The following is the previous one,

By completing the task of object-oriented programming, so that I am proficient and mastered this semester learned about visualc++ in some of the main knowledge and application points, such as the definition of the class, the implementation of the class, the definition of the object, the inheritance of the class and so on. You can learn what you have learned, all used, not to their own knowledge due to the lack of experience in the process available, and give up interest in it.

Object-Oriented Programming as a software design course, has a strong practical, so that I have strengthened the ability to flexibly apply theoretical knowledge and object-oriented programming skills.

This time, the design and creation of the application program experienced heavy difficulties and problems that would never normally be found in a classroom or on an exam. These problems, in turn, are deeper areas of knowledge and applications that are seldom mentioned in textbooks. These problems are not something that we can easily solve by just relying on textbooks. Therefore, it exercises our ability to face difficult problems, to think by ourselves, to explore by ourselves, to look up information to find out the problems and solve them by ourselves in an arbitrary manner.

Of course, the completion of this task also reflects the spirit of solidarity among students. Encountered all kinds of difficult to solve the problem, we will treat it as a common problem, together to discuss together, together to play their own learning and knowledge, engaged in helping each other and solve the problem.

“Practice is the only criterion for testing truth”. Without practice, one will not discover and deeply appreciate where it really is. Only through the test of the truth, in one’s own heart, will recognize its authenticity. The completion of object-oriented programming, so that we know the importance of the truth, the combination of theory and practice, in order to truly grasp the knowledge learned and mastered.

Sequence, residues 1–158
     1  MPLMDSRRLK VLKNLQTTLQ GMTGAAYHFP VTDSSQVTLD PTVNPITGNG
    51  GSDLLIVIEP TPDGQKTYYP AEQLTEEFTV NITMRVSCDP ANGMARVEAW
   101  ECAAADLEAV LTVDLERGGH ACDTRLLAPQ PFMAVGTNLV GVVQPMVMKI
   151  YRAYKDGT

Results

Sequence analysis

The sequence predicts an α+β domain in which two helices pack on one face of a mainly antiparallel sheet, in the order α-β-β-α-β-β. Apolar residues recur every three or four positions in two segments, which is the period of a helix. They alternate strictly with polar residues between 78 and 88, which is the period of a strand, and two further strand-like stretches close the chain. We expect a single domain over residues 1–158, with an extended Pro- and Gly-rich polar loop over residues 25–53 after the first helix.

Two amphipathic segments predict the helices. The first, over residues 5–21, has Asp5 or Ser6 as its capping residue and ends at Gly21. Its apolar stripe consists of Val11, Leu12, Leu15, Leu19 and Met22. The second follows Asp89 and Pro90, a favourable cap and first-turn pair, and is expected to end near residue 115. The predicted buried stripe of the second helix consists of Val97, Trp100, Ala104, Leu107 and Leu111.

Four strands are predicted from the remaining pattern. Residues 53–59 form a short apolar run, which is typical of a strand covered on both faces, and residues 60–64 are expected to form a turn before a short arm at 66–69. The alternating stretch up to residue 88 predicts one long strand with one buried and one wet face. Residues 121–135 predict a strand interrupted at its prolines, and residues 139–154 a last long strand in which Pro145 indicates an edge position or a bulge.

The possession of theory does not represent our strength and ability, all events and their success are a combination of theory and practice. In short, the knowledge we learn and master can only be truly understood and mastered through practical application, and can be better applied.

Not giving points is too disrespectful brother. Ha! Happy day and happy new year ah!!!!

What is the goal of object-oriented design

There is no goal, it is just a product of a certain degree of program development, and something that has inevitably arisen in the evolution of programs to date.

From the earliest assembly, to the back of the emergence of the C language, everyone from the process of programming to start coding, simple microcontroller code is also still using the process of coding, with the emergence of commercial software, the program was originally complex and large, so the emergence of object-oriented, programmers can be based on the easier to understand the way the program’s cuts, so that more than one can develop a set of programs at the same time, at the same time According to the demand for scalability and program maintainability design, so I personally feel that object-oriented also has no goal, just the program complexity of the natural emergence of some of the solution to each stage of the development of the problem of ideas or concepts